MILWAUKEE — From Mississippi to Texas, the topic of abortion is making headlines again, but what could decisions in those states mean for Wisconsin?
The latest Marquette Law School poll shows support for overturning Roe v. Wade, the 1973 ruling establishing a right to abortion, is a minority view.
The poll showed 20% favor overturning the landmark case, while 50% oppose such a decision.
When it comes to limiting abortions after six weeks of pregnancy, once a heartbeat can be detected, which recently became law in Texas, 30% favor the limit while 46% are opposed to such a restriction. Meanwhile, 23% said they just haven't heard enough about it.
So we know how people feel about the topic, but what about our lawmakers here in Wisconsin?
With a Republican-controlled Legislature and a Democratic governor, the answer is: divided.
Abortion is technically illegal in Wisconsin and has been since 1849, but that statute is unenforceable, at least for now, something State Rep. Lisa Subeck (D-Madison) is worried could change.
“The one thing that stands in the way of that law being implemented and enforced here in Wisconsin is the 1973 Roe v. Wade decision, so should that decision be overturned, there's a real concern that abortion would be immediately illegal and inaccessible, at least safe and legally, here in our state,” State Rep. Subeck said.
Worried that current cases headed to the Supreme Court could chip away at the power of Roe v. Wade, Rep. Subeck and State Sen. Kelda Roys (D-Madison) introduced a bill to repeal Wisconsin's law from 1849.
“Abortion is a medical procedure and should be accessible safely and legally and free from judgment, so that's why we proposed overturning our laws,” State Rep. Subeck said.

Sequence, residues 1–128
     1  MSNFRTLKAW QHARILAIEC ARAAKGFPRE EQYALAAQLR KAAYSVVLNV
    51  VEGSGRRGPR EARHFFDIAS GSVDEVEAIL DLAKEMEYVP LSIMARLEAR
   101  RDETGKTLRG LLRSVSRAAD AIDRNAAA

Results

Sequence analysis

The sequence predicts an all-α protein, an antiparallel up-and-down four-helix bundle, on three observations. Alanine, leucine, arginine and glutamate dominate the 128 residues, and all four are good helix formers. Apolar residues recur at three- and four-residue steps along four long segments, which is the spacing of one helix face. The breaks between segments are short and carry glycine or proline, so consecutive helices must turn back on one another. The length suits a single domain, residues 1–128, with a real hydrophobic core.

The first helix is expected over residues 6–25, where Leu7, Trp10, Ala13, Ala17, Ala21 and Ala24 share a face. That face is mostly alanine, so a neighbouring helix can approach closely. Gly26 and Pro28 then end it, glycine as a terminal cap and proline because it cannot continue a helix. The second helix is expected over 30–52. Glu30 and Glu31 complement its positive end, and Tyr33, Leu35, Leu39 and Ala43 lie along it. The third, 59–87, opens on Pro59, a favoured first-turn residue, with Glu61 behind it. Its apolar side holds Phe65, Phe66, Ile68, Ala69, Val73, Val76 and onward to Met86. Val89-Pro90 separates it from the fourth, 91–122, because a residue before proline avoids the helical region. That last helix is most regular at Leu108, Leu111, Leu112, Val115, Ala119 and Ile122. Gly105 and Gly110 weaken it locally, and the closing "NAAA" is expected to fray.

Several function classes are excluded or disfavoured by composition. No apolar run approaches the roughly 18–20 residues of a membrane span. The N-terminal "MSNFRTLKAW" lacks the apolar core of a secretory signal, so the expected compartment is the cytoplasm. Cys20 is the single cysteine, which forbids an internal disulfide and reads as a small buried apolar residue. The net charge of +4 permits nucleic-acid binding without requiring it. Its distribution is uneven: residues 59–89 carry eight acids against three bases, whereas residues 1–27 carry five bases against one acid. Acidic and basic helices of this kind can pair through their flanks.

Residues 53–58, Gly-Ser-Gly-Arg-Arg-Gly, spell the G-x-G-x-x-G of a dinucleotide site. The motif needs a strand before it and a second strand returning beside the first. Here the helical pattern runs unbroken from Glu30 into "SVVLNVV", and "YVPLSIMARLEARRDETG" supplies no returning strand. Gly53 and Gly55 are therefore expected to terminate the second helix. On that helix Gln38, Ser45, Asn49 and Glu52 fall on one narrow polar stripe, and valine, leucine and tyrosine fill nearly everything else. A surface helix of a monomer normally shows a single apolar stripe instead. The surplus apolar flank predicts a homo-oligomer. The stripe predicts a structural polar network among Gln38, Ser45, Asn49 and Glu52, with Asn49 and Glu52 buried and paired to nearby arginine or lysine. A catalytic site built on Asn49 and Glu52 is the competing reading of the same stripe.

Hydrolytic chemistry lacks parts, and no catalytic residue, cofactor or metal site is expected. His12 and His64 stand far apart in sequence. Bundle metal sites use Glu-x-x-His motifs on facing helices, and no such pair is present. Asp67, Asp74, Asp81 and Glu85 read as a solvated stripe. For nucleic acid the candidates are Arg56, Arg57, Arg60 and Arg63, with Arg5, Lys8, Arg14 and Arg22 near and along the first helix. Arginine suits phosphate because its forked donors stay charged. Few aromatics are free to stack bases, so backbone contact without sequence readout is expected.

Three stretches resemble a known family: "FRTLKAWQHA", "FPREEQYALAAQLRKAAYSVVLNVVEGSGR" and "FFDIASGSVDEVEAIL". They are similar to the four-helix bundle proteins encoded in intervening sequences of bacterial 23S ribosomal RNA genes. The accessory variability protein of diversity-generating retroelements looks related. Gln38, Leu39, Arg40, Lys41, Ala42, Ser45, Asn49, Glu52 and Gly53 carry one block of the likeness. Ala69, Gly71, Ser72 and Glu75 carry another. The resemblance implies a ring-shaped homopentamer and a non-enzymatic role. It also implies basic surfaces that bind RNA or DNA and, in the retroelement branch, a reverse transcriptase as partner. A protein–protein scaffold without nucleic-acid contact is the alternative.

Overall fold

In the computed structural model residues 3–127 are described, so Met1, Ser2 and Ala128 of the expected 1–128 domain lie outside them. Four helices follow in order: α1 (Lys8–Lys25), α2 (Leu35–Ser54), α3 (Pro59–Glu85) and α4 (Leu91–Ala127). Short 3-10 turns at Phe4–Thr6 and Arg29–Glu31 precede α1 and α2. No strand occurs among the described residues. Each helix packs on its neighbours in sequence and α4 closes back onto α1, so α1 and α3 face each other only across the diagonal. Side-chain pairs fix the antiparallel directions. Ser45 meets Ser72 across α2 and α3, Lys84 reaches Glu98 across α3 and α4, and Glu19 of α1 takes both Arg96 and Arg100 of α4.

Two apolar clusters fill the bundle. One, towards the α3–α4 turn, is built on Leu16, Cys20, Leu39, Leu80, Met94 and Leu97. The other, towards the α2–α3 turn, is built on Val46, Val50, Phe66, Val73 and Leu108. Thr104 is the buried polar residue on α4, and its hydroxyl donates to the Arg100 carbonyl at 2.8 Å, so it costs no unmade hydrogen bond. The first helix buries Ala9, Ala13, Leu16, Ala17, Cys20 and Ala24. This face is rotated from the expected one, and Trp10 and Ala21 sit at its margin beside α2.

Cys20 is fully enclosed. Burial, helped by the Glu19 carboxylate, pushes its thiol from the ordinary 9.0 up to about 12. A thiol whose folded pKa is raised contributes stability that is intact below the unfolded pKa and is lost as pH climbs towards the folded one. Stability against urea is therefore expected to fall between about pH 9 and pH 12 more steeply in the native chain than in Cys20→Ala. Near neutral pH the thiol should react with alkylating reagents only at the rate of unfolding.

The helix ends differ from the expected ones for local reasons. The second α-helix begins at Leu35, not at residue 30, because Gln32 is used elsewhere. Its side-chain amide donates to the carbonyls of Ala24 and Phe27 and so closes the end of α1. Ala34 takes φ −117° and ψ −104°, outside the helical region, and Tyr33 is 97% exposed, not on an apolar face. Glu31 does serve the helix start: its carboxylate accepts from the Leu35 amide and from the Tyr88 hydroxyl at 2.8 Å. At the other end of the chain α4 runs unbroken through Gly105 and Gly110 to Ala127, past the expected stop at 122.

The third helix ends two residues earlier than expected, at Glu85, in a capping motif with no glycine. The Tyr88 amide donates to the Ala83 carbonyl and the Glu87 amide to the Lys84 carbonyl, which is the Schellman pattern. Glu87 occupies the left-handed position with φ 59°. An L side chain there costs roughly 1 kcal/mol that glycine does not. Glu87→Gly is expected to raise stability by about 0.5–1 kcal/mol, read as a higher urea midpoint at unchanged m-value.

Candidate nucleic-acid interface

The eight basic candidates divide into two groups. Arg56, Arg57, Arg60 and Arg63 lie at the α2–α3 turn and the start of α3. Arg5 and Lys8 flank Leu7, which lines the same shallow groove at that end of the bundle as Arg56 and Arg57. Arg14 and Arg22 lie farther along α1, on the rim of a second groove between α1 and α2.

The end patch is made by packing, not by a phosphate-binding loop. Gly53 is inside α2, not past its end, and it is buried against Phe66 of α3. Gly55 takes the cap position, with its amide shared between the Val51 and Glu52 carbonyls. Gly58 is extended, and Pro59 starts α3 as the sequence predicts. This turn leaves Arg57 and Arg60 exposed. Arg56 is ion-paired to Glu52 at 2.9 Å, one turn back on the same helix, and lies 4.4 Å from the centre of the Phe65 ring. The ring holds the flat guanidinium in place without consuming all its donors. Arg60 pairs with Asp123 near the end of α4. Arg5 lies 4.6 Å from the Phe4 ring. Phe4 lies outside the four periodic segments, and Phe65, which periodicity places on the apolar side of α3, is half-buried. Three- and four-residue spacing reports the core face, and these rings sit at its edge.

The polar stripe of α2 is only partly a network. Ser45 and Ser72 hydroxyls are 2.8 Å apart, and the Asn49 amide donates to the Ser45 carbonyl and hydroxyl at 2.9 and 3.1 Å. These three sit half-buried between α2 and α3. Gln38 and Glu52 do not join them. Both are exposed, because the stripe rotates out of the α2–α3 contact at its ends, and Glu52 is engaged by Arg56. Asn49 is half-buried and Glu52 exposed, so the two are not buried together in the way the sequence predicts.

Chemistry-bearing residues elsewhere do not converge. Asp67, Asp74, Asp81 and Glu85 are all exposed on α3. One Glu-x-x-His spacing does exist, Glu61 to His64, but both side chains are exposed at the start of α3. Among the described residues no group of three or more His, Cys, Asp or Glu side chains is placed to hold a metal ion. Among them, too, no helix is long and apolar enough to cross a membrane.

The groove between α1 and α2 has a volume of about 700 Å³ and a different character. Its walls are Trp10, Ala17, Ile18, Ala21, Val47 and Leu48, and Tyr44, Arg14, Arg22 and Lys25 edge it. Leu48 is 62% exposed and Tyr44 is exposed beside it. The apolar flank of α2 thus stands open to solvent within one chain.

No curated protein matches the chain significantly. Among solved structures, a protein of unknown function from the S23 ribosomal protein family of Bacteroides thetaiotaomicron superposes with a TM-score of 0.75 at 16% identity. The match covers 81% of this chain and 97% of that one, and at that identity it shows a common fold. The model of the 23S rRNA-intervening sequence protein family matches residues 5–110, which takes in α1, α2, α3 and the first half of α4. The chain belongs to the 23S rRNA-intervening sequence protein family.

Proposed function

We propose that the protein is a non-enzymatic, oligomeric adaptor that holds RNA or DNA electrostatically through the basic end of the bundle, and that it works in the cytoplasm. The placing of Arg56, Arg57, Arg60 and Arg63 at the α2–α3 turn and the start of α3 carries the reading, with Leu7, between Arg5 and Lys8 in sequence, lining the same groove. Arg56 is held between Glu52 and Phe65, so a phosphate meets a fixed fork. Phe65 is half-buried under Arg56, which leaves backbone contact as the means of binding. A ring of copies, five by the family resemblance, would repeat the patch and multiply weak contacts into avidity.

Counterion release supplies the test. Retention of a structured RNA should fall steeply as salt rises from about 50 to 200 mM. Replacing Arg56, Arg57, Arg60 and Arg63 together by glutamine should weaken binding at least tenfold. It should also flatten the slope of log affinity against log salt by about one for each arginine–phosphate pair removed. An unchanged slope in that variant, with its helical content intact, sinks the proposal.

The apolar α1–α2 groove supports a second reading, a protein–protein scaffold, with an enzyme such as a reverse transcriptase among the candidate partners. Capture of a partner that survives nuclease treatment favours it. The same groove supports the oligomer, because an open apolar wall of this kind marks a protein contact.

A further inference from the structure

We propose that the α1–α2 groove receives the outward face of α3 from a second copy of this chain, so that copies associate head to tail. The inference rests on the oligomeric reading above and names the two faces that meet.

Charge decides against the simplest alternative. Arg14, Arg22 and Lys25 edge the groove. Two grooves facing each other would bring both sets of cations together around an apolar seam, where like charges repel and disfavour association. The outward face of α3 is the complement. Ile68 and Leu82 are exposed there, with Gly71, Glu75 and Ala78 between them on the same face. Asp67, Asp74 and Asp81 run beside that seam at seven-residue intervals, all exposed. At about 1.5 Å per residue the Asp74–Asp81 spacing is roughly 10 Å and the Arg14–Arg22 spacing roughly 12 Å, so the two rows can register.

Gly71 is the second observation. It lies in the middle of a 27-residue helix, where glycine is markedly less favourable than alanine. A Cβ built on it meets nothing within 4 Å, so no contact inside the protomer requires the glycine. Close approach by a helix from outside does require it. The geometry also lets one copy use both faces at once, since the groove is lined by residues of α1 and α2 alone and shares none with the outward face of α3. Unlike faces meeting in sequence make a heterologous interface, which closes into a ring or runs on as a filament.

However, such a proposal is unlikely to make it to the governor's desk under a Republican-controlled Legislature with lawmakers like State Sen. Roger Roth (R-Appleton) pushing for his own bill.
“It's actually not an abortion bill,” State Sen. Roth said. “This bill does not regulate abortion in any sense. It doesn't restrict abortion in any sense that what currently exists in law, in state law here, in federal law. What this bill does is set out what happens the moment a baby is born alive due to a failed abortion.”
Much like the ones offered by Democrats, proposals by Republicans, like State Sen. Roth, often have their fate sealed.
“The governor in his veto message of this bill last session said he doesn't want to get in between a patient and their doctor in that decision-making process, and what he has to realize is that when a baby is born alive that baby is now the patient,” State Sen. Roth said.
Back in 2019, Gov. Tony Evers vetoed four abortion-related bills passed by the Legislature, and among them was the so-called 'born alive' bill.
State Sen. Roth said he hopes the legislation will be signed into law this session since it's not part of a package with anti-abortion bills.